Letter XLVIII.

From: Love-Letters of Margaret Fuller, 1845-1846
Published: 1903 New York

February 28th, 1845.

Evening by my bright fire in the
prettiest little room imaginable which I
tenant for the present in Amity Place.


  Last month brought me a letter which repaid for long waiting, your letter from Rome, full of soul and sweetness as ever was yourself in the best hours of our life together last spring.

  How I do wish I could answer to it as I ought, as I would, but unhappily this last day before preparing for the March steamer has brought me one of my bad headaches, of which I have not before had one for some time, and I feel paralyzed, not myself. I think, however, you may prefer having such a letter as I can write to none at all.

  I feel hope that you may by this time be at home with mother and brethren and that the next steamer may bring me a leaf to tell of your pilgrimage, and how the home of your childhood looks after it, and after the long separation. I feel as if it might be a sad survey, the changes must have been so very great; but I want to hear all.

  I hope to have this part, before you can receive this, but when you do, write quick in reply, and tell me of your plans. When do you return to the United States? A plan which I mentioned to you in an earlier letter is now matured and if nothing unexpected intervenes, I shall with Mr. and Mrs. Spring leave here for England by the middle of August. We are going also to Germany, France and Italy. I expect to stay a year; they may travel longer. Shall I not see you all that time? Shall you not return here before I go, or if not shall we not meet in some place the other side of the water?

  I rather think the latter by your sending for Josey. Answer decisively whether you will have him sent the 1st May. The Greeleys break up from our dear old place then. Mrs. Greeley will have no objection to parting with him.

  I have paid dear for your love. Let it be immortal, and if we meet no more, let it shine on me from the distance with a steady and cheering ray. It was pure and fresh as the blossoms amid which it grew, and if it never comes to fruit, let it, at least, forever bloom as they in memory.

  Yes, do write to Mrs. Greeley a good and full letter, but do not, I counsel you, speak of her coming to Germany. But write as a friend. Her child is one of the finest imaginable. I love him much and he me no less.

  I send through Mr. Benson, Tribunes containing your letters; the last describing ancient Rome I did not publish. Every object in the Eternal City is too familiar to the reading public. I wish you had sent, instead, the letter on modern Rome, for your observations on what you personally meet are always original and interesting. I hope you will write yourself out in letters on Egypt and Palestine and not describe objects which, there also, have already been described many times.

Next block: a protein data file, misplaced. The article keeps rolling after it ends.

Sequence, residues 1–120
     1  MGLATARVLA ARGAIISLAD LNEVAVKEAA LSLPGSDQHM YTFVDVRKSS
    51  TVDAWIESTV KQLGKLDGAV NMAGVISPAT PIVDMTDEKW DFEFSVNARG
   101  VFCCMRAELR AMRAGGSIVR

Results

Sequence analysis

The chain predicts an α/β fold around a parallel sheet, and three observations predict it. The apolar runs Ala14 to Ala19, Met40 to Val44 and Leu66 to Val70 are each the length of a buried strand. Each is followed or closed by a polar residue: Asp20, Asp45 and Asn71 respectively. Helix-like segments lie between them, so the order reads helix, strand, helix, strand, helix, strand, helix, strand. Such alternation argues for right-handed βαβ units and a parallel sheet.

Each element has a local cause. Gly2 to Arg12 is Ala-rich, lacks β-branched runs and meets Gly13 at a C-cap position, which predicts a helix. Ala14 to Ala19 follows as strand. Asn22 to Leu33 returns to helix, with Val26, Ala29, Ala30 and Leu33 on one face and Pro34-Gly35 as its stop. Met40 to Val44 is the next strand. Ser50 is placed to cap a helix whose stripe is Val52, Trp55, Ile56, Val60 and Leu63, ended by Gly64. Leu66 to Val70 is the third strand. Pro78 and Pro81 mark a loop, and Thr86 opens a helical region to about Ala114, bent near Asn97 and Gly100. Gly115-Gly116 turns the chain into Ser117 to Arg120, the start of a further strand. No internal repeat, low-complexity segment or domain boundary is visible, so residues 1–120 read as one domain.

Yourself, yourself.

  The rose from Shelley’s grave would have been dear to me, but somehow in opening the letter I lost the rose and when I had finished could find only the green leaves. Is not that rather sad?

  Your picture I shall see abroad, if not yourself.

  I have been in town ever since 1st January when I wrote to you. I have had an outwardly gay and busy life, made many new acquaintance and two or three friends. Among these number two men of heroic blood, Cassius Clay who was here on Jan. 7th and Harro Harring, the Dane, a stormy nature but full and rich and with a childlike sweetness in him at times, when the vexed waves recede.

  All the little demons warn me, not to send this letter. First the headache, then I have dropped ink upon it, then let it go against the candle. But if thou be minded towards me as in thy last, all these threats will go for nothing; thou wilt take it in good part and tum the soiled and blotted leaves to precious purpose.

  Unless I hear from you again, I shall not write by steamer of 1st April. I want to know first that you are at home and how you are feeling. I want too that you should receive this. Nevertheless, if I have a letter from you in March that draws an answer, it will come in April. I shall now be overwhelmed with things to do for a while. I am to bring out my Miscellanies in two volumes, which will be a constant care, as they claim revisal and additions. I am also to keep on writing for the Tribune up to the last. I have some family troubles that keep obliging me to write to Massachusetts. In fine, if I saw you, I could say much, but at this crisis I cannot get repose of mind for it.

  When you receive this, breathe a prayer, that I may be sustained and aided by the Angels, for just now I need aid. On you my blessings always wait.

  P. S. I have a few days since a note from Mr. Delf. He had not heard from you.

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